Sunday, September 12, 2010

setiQuest – LGM for the Masses

As an indepen-dent researcher, I’m normally not in close affiliation with the “inner circle” of the world-class science projects that have caught my interest over the years. As a result it is especially difficult to siphon off any raw data for use with data analysis efforts – an area which is my forte. Not anymore with SETI I’m happy to report!

I’ve been a participating member of the Search for Extraterrestrial Intelligence project for years, but only as one of the thousands of volunteers worldwide who run the SETI@HOME screen saver that processes radio telescope data using a fixed algorithm embedded in BOINC software you can download for free.

Now, things are changing in the direction of much more openness. setiQuest.org plans to make available to everyone the data collected from the SETI telescopes, the software they use to looked for signals, and the algorithms that the software is based on. Now, software developers and algorithm enthusiasts can use the software and algorithms to hunt for signals using their own insights and with custom changes to software and signal algorithms.

Now, things are changing in the direction of much more openness. setiQuest.org plans to make available to everyone the data collected from the SETI telescopes, the software they use to looked for signals, and the algorithms that the software is based on. Now, software developers and algorithm enthusiasts can use the software and algorithms to hunt for signals using their own insights and with custom changes to software and signal algorithms.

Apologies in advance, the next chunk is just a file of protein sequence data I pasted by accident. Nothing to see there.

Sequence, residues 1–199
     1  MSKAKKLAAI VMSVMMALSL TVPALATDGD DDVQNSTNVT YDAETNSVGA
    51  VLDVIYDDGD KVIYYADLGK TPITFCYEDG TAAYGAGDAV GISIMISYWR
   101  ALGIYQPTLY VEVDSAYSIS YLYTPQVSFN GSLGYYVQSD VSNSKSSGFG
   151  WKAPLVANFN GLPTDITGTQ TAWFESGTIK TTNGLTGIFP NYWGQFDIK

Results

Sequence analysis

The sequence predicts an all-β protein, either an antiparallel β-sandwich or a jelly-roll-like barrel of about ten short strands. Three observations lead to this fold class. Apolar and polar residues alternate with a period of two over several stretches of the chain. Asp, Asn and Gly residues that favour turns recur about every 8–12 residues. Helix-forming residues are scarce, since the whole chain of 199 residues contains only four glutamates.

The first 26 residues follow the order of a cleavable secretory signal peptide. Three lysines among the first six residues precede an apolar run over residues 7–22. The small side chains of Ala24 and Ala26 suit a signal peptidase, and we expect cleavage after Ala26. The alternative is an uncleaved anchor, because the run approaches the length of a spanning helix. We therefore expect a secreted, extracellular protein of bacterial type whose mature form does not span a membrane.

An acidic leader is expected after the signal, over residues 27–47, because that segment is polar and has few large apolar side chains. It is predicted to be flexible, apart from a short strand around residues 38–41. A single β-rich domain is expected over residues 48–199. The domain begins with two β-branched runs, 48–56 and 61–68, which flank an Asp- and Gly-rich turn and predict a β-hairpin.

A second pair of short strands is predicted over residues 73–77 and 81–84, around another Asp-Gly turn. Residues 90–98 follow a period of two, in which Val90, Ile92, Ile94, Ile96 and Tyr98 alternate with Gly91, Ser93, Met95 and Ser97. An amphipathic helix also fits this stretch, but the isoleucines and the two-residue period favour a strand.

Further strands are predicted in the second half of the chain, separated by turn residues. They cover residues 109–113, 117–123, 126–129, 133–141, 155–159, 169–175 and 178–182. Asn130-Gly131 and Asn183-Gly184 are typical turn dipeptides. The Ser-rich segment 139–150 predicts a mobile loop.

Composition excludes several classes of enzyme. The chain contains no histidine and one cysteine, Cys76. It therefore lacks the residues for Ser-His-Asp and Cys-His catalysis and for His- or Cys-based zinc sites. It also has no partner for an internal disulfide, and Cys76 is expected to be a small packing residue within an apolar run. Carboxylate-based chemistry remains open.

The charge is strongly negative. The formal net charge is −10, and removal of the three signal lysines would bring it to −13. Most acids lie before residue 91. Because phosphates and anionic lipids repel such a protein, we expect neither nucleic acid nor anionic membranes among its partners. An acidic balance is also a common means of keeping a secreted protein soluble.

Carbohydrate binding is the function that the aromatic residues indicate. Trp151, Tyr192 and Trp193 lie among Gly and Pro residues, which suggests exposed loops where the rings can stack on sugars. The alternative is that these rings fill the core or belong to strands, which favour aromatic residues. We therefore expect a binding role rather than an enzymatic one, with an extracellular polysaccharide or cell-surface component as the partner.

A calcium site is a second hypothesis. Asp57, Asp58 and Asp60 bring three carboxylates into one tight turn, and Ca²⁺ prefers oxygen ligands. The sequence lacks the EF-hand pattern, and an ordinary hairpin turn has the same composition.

setiQuest announced the availability of data in the second quarter of 2010. Open sourcing of software and algorithms will take place in phases, starting in the third quarter of 2010. The Physics Groupie plans to focus on new algorithm development using evolutionary algorithms.

So as new data is collected from the SETI’s Allen Telescope Array, between 100 and 200 terabytes daily, and with an expanded openness, I’m very much looking forward to contributing to a significant scientific project in a meaningful way – maybe even find some LGM (little green men). How about you?

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